On Friday afternoon, Howard Freeman briefly sat inside of a trailer parked near one of many entrances to the fields of the 37th annual QuickChek New Jersey Festival of Ballooning, an annual summertime event held at Solberg Airport in Readington Township.
Sipping a bottle of water and preparing to rejoin the dozen or so staff members hovering outside of what would be his office for the next three days, Freeman, executive producer of the festival, is asked about the daily responsibilities of himself and his fellow employees. Choosing to eschew specific details, he responded, “There’s the rest of the year to sleep.”
According to Freeman, the three-day event that kicked off earlier that day is the largest summertime hot air balloon and music festival in North America, drawing in crowds of over 165,000 each year. Because of the weekend’s “spectacular forecast” of sunny skies and light winds, Freeman shared that this year he expected the festival to receive “record crowds.”
“Starting Wednesday, when I got onsite, the airport has never looked better. The forecast has never been better. And it just looks like clean living is finally paying off after 27 years,” Freeman said. “This is a dream come true. When you work three-hundred-and-sixty-two days a year to put on a party for three days, to have it come to fruition like this. It’s perfect.”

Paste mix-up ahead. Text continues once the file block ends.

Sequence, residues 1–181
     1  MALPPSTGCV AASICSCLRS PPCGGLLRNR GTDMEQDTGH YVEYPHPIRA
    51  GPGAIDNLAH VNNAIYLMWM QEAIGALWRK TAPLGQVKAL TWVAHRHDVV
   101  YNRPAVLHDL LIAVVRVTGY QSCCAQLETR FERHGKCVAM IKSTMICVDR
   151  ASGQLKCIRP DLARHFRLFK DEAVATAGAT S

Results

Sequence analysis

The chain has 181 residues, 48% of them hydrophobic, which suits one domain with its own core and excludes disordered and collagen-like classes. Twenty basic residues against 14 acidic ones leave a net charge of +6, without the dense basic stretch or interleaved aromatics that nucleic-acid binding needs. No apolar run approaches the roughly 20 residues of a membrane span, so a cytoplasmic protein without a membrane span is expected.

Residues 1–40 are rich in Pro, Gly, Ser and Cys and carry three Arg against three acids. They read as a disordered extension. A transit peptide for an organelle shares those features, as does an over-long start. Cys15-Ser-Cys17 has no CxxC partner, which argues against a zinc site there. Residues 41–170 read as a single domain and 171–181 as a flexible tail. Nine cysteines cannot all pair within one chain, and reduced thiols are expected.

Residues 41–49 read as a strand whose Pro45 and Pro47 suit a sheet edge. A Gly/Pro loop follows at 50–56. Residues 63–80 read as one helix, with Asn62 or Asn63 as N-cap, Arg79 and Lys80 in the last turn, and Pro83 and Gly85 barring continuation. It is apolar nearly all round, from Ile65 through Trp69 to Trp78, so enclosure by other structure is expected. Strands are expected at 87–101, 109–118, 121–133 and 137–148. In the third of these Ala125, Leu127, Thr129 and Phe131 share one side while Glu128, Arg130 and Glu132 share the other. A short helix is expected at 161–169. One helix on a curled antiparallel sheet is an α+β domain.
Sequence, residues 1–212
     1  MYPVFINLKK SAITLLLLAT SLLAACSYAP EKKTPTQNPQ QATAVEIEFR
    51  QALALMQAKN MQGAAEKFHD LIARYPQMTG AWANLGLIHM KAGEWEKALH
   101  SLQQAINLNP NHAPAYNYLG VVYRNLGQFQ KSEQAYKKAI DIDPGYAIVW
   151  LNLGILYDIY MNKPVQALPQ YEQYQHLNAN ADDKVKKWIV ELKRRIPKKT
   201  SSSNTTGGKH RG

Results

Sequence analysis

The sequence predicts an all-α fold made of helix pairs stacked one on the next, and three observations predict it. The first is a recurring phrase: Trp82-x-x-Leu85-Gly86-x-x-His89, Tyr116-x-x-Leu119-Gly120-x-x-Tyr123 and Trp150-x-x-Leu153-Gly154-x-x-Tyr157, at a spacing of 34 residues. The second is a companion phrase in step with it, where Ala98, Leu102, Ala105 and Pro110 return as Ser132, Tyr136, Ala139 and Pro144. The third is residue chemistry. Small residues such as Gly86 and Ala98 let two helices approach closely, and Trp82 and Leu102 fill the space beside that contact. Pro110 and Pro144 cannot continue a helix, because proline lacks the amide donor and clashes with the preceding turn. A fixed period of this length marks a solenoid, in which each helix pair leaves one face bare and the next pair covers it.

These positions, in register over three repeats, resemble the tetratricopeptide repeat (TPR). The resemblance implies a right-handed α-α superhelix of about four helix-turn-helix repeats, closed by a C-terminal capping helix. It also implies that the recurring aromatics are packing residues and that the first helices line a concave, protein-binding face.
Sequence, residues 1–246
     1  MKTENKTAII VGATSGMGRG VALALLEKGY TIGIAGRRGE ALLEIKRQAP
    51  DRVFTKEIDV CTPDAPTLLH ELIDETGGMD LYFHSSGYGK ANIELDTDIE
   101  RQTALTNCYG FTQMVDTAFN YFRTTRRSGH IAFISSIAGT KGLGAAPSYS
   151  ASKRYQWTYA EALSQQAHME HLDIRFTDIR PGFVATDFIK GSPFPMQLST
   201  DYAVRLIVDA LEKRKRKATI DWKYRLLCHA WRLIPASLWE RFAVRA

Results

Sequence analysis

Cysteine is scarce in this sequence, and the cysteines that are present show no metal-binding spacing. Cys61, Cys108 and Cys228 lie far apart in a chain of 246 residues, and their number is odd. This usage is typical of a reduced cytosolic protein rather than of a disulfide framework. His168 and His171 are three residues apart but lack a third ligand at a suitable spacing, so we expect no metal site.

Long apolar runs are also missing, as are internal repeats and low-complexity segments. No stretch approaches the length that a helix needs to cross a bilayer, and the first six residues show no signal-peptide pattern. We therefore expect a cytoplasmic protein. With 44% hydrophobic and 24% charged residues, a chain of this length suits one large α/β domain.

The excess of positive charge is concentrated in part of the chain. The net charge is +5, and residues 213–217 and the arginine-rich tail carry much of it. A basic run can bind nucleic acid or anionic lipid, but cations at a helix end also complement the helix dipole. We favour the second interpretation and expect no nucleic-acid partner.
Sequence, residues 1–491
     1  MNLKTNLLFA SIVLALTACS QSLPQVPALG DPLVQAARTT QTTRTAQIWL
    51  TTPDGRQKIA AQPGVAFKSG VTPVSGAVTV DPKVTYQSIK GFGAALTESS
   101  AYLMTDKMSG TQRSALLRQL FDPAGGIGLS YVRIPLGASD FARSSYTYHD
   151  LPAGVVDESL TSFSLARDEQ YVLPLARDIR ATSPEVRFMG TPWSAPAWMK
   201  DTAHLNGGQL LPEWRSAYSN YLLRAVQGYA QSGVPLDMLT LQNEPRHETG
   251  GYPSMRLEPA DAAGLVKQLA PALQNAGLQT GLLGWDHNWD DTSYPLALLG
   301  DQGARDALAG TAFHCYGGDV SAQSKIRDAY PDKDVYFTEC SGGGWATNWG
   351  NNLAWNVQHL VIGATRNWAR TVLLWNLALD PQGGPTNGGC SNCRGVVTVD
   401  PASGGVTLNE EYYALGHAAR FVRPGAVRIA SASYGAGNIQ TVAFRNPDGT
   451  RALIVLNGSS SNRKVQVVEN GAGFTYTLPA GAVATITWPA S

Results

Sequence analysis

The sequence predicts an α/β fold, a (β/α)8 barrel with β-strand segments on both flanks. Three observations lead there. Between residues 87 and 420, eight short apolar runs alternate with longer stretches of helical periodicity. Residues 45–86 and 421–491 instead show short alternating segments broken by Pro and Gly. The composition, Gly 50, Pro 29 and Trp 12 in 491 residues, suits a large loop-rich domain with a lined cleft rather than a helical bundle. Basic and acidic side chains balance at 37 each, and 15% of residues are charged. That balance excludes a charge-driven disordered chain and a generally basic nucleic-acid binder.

Of the 27 years that Freeman has been involved in orchestrating the festival, he described this year as “the smoothest,” and credited the hundreds of staff members and volunteers for making him feel like “a vestigial organ at this point.
“There’s always challenges. It’s good to have a challenge now and then; there’s fires you have to put out here and there. But, our people have made it so smooth. I have experienced people that know how to deal with (problems),” Freeman said.
Director of Onsite Administration Diane LeClair has been working at the festival for 13 years, appearing onsite with the rest of the balloon festival staff at 4:30 each morning to prepare for the day’s activities. She described the festival as more organized and “patron-friendly” than ever before.
“It’s just grown. It’s tremendous … And (the staff) has just done an amazing job with organizing things,” LeClair said.
Jessi Stover, a festival staff member in charge of staff check-ins and shift changes, said that this past weekend marked her 22nd year at the festival, the past seven of which she’s attended as an employee. Stover currently lives in Australia and flew back to the U.S. to continue working at the festival.
“I grew up coming here, so it’s nice to be on the other side of it,” Stover said. “In this part of Jersey, there isn’t really a lot going on. So to have this big of a festival, it’s just nice to think, ‘I helped, I worked on it, and these are the memories people are making.’”
Pam McDermott is supervisor for the Wizard’s Festival of Fun, Inc., which provides both the amusement rides and magic shows present at the festival. Like Stover, McDermott emphasized the festival’s ability to unite people from the community and far beyond it.